The first study [43] aimed to answer the following question: Is there a relationship between phonological problems and phonological awareness? For this study, 24 preschool children with SLI and PP (aged 4:2 on average) and 26 preschool children with TLD (aged 4:4 on average) were recruited. Phonological performance was evaluated with the TEPROSIF‐R [10].

Children with SLI and PP had a poor performance in the test, that is to say, they produced more PSP than expected for their age. Children with TLD, conversely, perform according to their age. Phonological awareness was evaluated with Prueba Destinada para Evaluar Habilidades Metalingüísticas de tipo Fonológico (PDEHMF) [45]. This test evaluates, mainly, phonological awareness at the syllable level, thus its subtests focus on the evaluation of syllabic awareness. Each subtest has eight items and provides an example to ensure comprehension of the task. The first four subtests aim to measure syllabic awareness and the fifth test evaluates the grapheme‐phoneme associations. The final subtest deals with phonological awareness at the phoneme level. Pearson’s r test was used to determine if there was a relationship between these variables. The results obtained showed that there is no correlation between the number of PSP and phonological awareness either in preschool children with SLI or children with TLD. Therefore, the number of Phonological Simplification Processes that children produce is not related with their metaphonological abilities.

This result supports previous findings that state that phonological problems do not necessarily affect these metaphonological abilities [40, 41, 46, 47]. This also corroborates the finding that some children without PP show difficulties in phonological awareness [47, 48].

Normal phonological awareness develops considering other linguistic and cognitive factors. It is argued that vocabulary and working memory play an essential role in its development. For this reason, vocabulary expansion is an important factor since it implies a lexical reorganization that requires a more precise and analytical phonological representation of the word [41]. Working memory, on the other hand, is also relevant to the development of phonological as carrying out phonological awareness tasks requires that acoustic information be processed in its central executive component [49].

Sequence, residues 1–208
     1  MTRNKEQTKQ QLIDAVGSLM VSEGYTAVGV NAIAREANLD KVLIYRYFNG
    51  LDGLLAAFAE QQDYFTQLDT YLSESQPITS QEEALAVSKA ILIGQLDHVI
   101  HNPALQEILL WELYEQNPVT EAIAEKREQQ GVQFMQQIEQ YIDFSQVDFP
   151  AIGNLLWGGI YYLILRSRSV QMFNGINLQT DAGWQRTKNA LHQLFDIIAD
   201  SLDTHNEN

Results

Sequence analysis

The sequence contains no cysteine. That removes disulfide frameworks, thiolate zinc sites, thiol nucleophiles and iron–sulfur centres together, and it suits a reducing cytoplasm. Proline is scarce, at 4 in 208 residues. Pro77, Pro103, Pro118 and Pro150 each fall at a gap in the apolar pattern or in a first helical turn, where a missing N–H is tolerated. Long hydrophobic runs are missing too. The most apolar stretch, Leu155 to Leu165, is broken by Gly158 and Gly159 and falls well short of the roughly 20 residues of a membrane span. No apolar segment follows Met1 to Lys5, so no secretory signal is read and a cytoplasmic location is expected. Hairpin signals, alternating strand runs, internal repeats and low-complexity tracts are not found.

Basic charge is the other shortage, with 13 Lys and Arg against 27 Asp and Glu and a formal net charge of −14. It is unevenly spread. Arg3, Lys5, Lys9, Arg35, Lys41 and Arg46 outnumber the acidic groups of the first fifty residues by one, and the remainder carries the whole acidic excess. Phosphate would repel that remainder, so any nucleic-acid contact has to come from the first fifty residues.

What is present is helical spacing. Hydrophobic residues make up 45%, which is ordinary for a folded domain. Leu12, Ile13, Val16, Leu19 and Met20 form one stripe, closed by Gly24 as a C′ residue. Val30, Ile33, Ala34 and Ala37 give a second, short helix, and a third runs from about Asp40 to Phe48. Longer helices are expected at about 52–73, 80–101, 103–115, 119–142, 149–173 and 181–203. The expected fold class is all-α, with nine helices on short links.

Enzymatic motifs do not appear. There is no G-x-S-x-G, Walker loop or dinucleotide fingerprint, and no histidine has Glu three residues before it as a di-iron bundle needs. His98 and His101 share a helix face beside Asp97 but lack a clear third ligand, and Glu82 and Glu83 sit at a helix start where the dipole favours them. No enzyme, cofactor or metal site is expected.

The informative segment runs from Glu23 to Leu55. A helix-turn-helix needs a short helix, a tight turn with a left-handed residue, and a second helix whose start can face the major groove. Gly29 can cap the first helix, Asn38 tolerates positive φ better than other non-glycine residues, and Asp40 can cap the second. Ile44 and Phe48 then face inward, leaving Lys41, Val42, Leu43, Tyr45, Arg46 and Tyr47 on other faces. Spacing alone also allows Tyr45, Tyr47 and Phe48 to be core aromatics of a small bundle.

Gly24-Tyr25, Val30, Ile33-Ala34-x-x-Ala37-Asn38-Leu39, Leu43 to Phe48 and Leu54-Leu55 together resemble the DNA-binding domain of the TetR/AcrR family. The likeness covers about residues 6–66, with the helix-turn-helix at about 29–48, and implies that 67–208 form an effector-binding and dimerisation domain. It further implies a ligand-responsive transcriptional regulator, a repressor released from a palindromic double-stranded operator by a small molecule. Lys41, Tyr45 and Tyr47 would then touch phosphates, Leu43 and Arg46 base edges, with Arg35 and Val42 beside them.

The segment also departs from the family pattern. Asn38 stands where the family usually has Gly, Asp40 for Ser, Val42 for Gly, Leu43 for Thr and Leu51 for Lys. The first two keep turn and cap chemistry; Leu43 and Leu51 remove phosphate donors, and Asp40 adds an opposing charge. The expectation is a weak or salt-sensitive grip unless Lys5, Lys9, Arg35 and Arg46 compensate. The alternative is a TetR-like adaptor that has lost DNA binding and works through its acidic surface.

In conclusion, the study shows that there is no relationship between phonological performance and phonological awareness. This suggests that a normal phonological development does not ensure a satisfactory performance in this metalinguistic ability. It seems that the development of phonological awareness also requires such other factors as vocabulary and working memory.

The second study aimed to deepen the findings reported in the previous study [44]. For this reason, the following research question was posed: Do children with PP and grammatical difficulties are more likely to have poor phonological awareness skills than children with PP?

A total of 25 preschool children with SLI were recruited for the study: 14 children with PP and 11 children with PP and grammatical difficulties (aged 5:4 on average) and 59 preschool children with TLD (aged 5:5 on average). The phonological ability was evaluated as done in the previous study. Thus, TEPROSIF‐R [10] was used to evaluate PP and PDEHMF [45] to measure phonological awareness. Grammatical difficulties were evaluated with the Test Exploratorio de Gramática Española de A. Toronto (TEGE) [50]. This test has two subtests: one to measure receptive skills and the other to measure expressive skills. Each subtest has 23 items that evaluate the following aspects: sentences (affirmative, negative and passive), pronouns (personal, interrogative, demonstrative, indefinite and relative), verbs (tense and 3rd person), and adjectives (possessive and interrogative). Student’s t test was used to compare the performance of children with SLI and children with TLD. The same statistical treatment was used to compare the performance of children with SLI and PP with that of children with SLI, PP, and grammatical difficulties. The results obtained showed that children with SLI had a lower performance in phonological awareness than children with TLD. Children with SLI and PP demonstrated a better performance in this metalinguistic ability than children with SLI, PP, and grammatical difficulties. These findings are consistent with evidence from a previous study that suggest that children with PP show better performance in this metalinguistic ability when compared with children with PP and who also have other language problems [40].

Even though the results obtained indicate that phonological problems do not determine the performance in phonological awareness, it was observed that children with decreased performance in phonological awareness produced a greater number of PSP at syllable level. This type of PSP could imply an important alteration in the phonological representation, due to the fact that it modifies the syllable structure and/or the number of syllables in a word. Thus, it might be supposed that children who produce this type of PSP show a phonological representation that is insufficiently precise and undifferentiated. This suggests that children with PP who produce a great number of PSP related with the syllable could show difficulties with phonological awareness.